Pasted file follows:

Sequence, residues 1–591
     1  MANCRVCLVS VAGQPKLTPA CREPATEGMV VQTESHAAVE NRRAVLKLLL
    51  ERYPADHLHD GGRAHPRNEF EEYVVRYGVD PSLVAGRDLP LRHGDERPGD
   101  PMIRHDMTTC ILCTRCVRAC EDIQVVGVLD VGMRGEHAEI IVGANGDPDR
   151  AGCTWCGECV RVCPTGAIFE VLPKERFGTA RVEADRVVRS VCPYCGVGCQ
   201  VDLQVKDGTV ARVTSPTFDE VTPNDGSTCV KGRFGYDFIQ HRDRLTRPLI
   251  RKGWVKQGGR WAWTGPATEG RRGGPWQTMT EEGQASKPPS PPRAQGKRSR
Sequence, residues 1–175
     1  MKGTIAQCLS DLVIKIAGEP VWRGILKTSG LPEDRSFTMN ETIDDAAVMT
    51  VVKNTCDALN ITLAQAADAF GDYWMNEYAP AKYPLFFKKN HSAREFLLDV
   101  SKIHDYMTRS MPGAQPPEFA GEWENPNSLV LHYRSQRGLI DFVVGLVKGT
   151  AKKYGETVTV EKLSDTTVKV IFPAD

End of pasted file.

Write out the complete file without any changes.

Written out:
Sequence, residues 1–591
     1  MANCRVCLVS VAGQPKLTPA CREPATEGMV VQTESHAAVE NRRAVLKLLL
    51  ERYPADHLHD GGRAHPRNEF EEYVVRYGVD PSLVAGRDLP LRHGDERPGD
   101  PMIRHDMTTC ILCTRCVRAC EDIQVVGVLD VGMRGEHAEI IVGANGDPDR
   151  AGCTWCGECV RVCPTGAIFE VLPKERFGTA RVEADRVVRS VCPYCGVGCQ
   201  VDLQVKDGTV ARVTSPTFDE VTPNDGSTCV KGRFGYDFIQ HRDRLTRPLI
   251  RKGWVKQGGR WAWTGPATEG RRGGPWQTMT EEGQASKPPS PPRAQGKRSR
Sequence, residues 1–175
     1  MKGTIAQCLS DLVIKIAGEP VWRGILKTSG LPEDRSFTMN ETIDDAAVMT
    51  VVKNTCDALN ITLAQAADAF GDYWMNEYAP AKYPLFFKKN HSAREFLLDV
   101  SKIHDYMTRS MPGAQPPEFA GEWENPNSLV LHYRSQRGLI DFVVGLVKGT
   151  AKKYGETVTV EKLSDTTVKV IFPAD